Tough little country, Poland. Survived the Nazis and the Communists both in the same century(along with Czechoslovakia, Hungary, et al.). Guess you guys know what dictatorship is really about. Maybe if they change the Visa rules, some more of you folks can come over and have a word with our congressmen. They seem to need a talking to.

Re:That clinches it (0)

Anonymous Coward | more than 9 years ago | (#10845424)

Yeah, we do. Thats why we are pissed about the USA a bit :) (ok, much). There are actually quite a few Hungarians in the states, after 1956(hungarian revolution crushed by soviets) lots of people emigrated. I won't visit the states until they change the ridicoulus rules about biometric scans and visa anyway ;) Also, im spending, as a hungarian, quite much time in Poland and, don't be concerned about the cost of living, as its considerably cheaper than N. America.

Re:That clinches it (1)

RWerp (798951) | more than 9 years ago | (#10871189)

Tough little country
With nearly 40 million inhabitants, I wouldn't call it "little".

Re:That clinches it (1)

Xtifr (1323) | more than 9 years ago | (#10847759)

I'd rather go with a country that was opposed to this nonsense all along, rather than one that had a last-minute change of heart. Too much danger that they could change back.

I wonder if the FSF-Europe has any recommendations on where I (we) should relocate. :)

Re:That clinches it (0)

Anonymous Coward | more than 9 years ago | (#10861882)

Poland didn't change its opinion. See my post below.

Re:That clinches it (0)

Anonymous Coward | more than 9 years ago | (#10862695)

Well, we spoke just after we got into EU. It really was not long ago, but you can say that it was our government who spoke against patents. Our IT people did it a long, long ago!

Re:That clinches it (1)

Cobra_666 (777517) | more than 9 years ago | (#10859671)

Everything right except for broadband (and the currency as some other guy said ;)... it's definately not cheap. For 249 pln/month you get 1 mbit/s... I'm not saying that there aren't any cheaper options, but they have monthly transfer limits or don't allow you to share your connection with your friends/neighbors...

Re:That clinches it (1)

RWerp (798951) | more than 9 years ago | (#10870877)

Add to it: corporate income tax 19%.

I have one thing to say ... (3, Funny)

crimethinker (721591) | more than 9 years ago | (#10844313)

... to the pro-software patent majority:

YOU FORGOT POLAND!

Thank you, I'll be here all week. Remember to tip your waitress.

-paul

Re:I have one thing to say ... (0)

Anonymous Coward | more than 9 years ago | (#10844797)

Did you moderate yourself up or something? The joke was already made in the from-the-dept line as well as earlier comments.

EU forgot Poland (1)

humuhumunukunukuapu' (678704) | more than 9 years ago | (#10844354)

sorry :)

As Bush would say to the EU: (3, Funny)

douthat (568842) | more than 9 years ago | (#10844561)

You forgot Poland! [urbandictionary.com]

Time to learn more about Poland (1)

UnapprovedThought (814205) | more than 9 years ago | (#10844724)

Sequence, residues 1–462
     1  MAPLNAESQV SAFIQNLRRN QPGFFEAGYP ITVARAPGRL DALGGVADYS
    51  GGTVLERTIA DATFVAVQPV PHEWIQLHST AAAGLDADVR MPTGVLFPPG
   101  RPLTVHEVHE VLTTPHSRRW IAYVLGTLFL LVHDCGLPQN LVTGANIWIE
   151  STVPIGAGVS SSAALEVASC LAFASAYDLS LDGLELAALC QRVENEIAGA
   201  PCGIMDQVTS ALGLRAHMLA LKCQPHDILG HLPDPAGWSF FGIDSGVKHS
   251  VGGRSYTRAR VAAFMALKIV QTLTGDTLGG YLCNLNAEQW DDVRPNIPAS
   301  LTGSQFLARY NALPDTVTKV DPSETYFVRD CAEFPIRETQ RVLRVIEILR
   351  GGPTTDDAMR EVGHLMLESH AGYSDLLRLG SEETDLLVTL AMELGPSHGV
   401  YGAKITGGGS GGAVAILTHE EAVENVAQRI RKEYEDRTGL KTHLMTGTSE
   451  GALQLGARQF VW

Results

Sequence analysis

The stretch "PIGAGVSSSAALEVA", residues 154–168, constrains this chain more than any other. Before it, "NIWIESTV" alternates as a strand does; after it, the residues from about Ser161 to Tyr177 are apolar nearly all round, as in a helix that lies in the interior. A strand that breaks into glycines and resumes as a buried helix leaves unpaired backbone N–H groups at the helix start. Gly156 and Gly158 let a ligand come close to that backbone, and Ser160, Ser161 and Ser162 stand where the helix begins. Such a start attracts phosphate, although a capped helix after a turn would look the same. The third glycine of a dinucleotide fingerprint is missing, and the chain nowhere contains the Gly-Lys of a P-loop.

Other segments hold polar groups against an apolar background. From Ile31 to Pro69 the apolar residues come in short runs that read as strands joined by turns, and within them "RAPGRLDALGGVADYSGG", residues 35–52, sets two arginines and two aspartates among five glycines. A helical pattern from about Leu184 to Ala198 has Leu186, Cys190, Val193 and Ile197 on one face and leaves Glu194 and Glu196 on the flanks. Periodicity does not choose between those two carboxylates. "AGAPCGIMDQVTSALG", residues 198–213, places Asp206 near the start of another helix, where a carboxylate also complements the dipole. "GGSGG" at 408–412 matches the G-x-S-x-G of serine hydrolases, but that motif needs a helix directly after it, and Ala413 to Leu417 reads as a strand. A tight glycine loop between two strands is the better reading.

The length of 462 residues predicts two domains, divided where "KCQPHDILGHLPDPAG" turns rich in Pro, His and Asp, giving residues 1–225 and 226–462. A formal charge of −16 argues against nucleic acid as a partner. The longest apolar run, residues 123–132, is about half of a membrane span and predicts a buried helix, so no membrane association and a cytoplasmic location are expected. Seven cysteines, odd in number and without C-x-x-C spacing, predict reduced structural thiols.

Time to start brushing up on the Polish language, or at least to have a closer idea of how to pronounce Polish words and names:

http://en.wikipedia.org/wiki/Polish_language

http://en.wikipedia.org/wiki/Poland

The second article is a longer description of Poland along with history, maps, lots of images etc.

If software patents pass, when strong AI becomes available even thoughts (presented in patent jargon like "problem-solving heuristics in artificial neural networks: adapting techniques of the biological model") can be patented. Somebody has to draw the line somewhere, before we end up as automatons, forced to group-think all of the time.

Re:Time to learn more about Poland (0)

Anonymous Coward | more than 9 years ago | (#10852219)

Artifiial intelligence ? AI systems will be like the air we're breathing, to our daily activieties, in less than 15 years. We should mention that more often. It's not too far ahead. Remember there already are computer chips in most things surrounding you. Patenting ideas comprises so much power over market and society that it just should never happen. This is the intellectual a-bomb, and they still insist it's only about power plants (which also rise problems anyway).

They admitted it? (2, Interesting)

CheetahMk2 (832017) | more than 9 years ago | (#10844794)

However, at a meeting hosted by the Polish government on the 5th of this month, everyone including representatives of the Polish Patent Office, SUN, Novell, Hewlett-Packard and Microsoft, as well as various patent lawyers, confirmed that the present proposal of the EU Council does make all software potentially patentable.

That's pretty interesting. Poland said that they would not stand for pattenting of business methods, and that's why they were against it - that's the same mess that makes '___ on the web' pattentable here in the US. I think that was a good call on their part.

Also, when in a room with Microsoft & Co., they admitted it WOULD allow pattenting of everything. I think that says something. I only regret that Poland's only issue is the pattentability of code that can "run on an average personal computer", not code in general. As soon as they fix that issue, Poland looks like they will side with it next time around.

Re:They admitted it? (1)

RWerp (798951) | more than 9 years ago | (#10871134)